O’Gorman asks councillors to block Magdalene laundry sale

Toyoko Inn has offered Dublin City Council €14.5m for Sean McDermott Street site

A proposal to stop the sale of the former Magdalene laundry on Sean McDermott Street in Dublin to a Japanese hotel chain will be put to Dublin city councillors on Monday.

Toyoko Inn has offered Dublin City Council €14.5 million for the two-acre site in the northeast inner city. Colm O'Gorman, executive director of Amnesty International Ireland, in recent days wrote to councillors asking that they oppose the sale.

The no-frills hotel chain wants to build a 350-bed hotel, student accommodation and shops. The proposal also includes 60 apartments for social housing, likely to be used for senior citizens, and a permanent memorial to the women who were incarcerated in the laundry before it closed in 1996.

The laundry was one of five sites which was to be redeveloped for private and social housing under a public-private partnership (PPP) between the council and Bernard McNamara, during the boom.


The council's deputy chief executive and head of housing, Brendan Kenny, has said the money acquired from the sale to the hotel group will be invested back into the area and the redevelopment of the vacant building would be a " catalyst for badly needed economic and physical regeneration of this street and its environs which is only a few hundred yards away from O'Connell Street".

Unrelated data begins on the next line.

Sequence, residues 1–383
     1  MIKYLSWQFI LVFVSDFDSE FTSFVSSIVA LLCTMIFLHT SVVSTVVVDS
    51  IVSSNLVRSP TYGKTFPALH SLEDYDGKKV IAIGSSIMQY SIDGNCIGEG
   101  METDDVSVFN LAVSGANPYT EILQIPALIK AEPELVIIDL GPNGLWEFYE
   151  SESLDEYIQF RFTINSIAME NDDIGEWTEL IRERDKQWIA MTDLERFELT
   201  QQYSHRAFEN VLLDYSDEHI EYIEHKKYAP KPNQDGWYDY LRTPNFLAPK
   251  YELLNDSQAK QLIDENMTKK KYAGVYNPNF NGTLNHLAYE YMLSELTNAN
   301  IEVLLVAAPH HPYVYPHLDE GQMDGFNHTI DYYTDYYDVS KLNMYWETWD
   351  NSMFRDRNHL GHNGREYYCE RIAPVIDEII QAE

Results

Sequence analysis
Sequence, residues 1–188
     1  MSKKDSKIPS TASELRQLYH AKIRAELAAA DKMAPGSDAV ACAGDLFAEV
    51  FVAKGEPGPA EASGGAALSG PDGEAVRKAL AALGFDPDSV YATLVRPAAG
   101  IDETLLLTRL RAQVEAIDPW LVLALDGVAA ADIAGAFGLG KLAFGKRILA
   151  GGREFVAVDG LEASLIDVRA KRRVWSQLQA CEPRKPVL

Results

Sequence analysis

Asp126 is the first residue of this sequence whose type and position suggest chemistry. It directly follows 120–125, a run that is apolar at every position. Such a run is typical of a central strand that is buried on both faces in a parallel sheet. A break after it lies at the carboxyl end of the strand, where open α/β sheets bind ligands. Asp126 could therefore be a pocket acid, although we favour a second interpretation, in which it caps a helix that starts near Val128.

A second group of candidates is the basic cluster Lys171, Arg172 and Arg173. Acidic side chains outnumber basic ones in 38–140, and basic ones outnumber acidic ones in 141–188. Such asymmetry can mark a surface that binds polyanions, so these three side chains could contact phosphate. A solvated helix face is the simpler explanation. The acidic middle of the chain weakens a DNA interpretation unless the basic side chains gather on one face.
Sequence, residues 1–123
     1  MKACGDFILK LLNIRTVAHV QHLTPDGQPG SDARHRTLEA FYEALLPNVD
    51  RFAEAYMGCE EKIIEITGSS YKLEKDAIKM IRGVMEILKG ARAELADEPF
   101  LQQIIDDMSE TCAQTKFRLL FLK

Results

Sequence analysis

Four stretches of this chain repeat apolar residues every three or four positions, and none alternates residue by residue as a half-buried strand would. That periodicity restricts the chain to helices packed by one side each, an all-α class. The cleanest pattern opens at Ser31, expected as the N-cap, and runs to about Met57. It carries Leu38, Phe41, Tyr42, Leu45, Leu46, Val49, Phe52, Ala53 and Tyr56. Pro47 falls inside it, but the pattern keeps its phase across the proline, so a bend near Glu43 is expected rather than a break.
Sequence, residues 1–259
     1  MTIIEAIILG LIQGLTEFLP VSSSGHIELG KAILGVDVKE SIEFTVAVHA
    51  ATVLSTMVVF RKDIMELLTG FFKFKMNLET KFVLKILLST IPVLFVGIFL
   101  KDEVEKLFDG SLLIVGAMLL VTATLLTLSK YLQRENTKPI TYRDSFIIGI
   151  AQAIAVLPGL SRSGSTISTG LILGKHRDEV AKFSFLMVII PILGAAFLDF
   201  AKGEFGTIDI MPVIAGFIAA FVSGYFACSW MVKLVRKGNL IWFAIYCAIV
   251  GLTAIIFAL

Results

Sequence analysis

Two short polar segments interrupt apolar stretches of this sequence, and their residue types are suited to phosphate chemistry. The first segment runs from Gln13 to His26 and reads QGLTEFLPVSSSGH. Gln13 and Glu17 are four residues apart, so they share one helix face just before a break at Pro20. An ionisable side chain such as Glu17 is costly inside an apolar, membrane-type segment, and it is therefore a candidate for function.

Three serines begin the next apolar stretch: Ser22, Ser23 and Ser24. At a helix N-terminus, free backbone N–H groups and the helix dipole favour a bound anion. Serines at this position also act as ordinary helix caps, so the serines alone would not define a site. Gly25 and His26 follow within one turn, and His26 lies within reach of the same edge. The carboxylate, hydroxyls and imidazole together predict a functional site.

Redress scheme

However, opposition has mounted to the plan since it was first mooted late last year. Social Democrats councillor Gary Gannon has tabled a motion for Monday's council meeting calling for a halt to the sale. A number of recommendations of a redress scheme for women incarcerated in laundries remained outstanding "including services for survivors and memorialisation", Mr Gannon said.

In this context it was “entirely inappropriate that Dublin City Council is currently offering the Magdalene Laundry site at Sean McDermott Street for sale to private developers”, he said.

In a letter to councillors, Mr O’Gorman asked councillors to support the motion. “This is essential in order to ensure that a proper consultation on how best we might acknowledge and preserve it as a space for memorial and education about one of the darkest parts of our recent history. This history and, most especially, the history of those incarcerated on that site, must be respected and preserved.”

The State should protect the laundry as a “site of conscience”, he said.

The site cannot be sold unless the sale is approved by councillors. A proposal to dispose of the site to Toyoko Inn is due to be put to councillors next month.

The Sean McDermott Street laundry was to have been developed by Bernard McNamara more than a decade ago with 179 apartments, 20 per cent of which would be reserved for social and affordable housing. The scheme was one of five PPP deals between the council and the developer that collapsed in 2008.

Mr Kenny said there was an argument for the council to retain the site for social housing but he said the “immediate area already has one of the highest concentrations of social housing in the whole country”.

Olivia Kelly

Olivia Kelly

Olivia Kelly is Dublin Editor of The Irish Times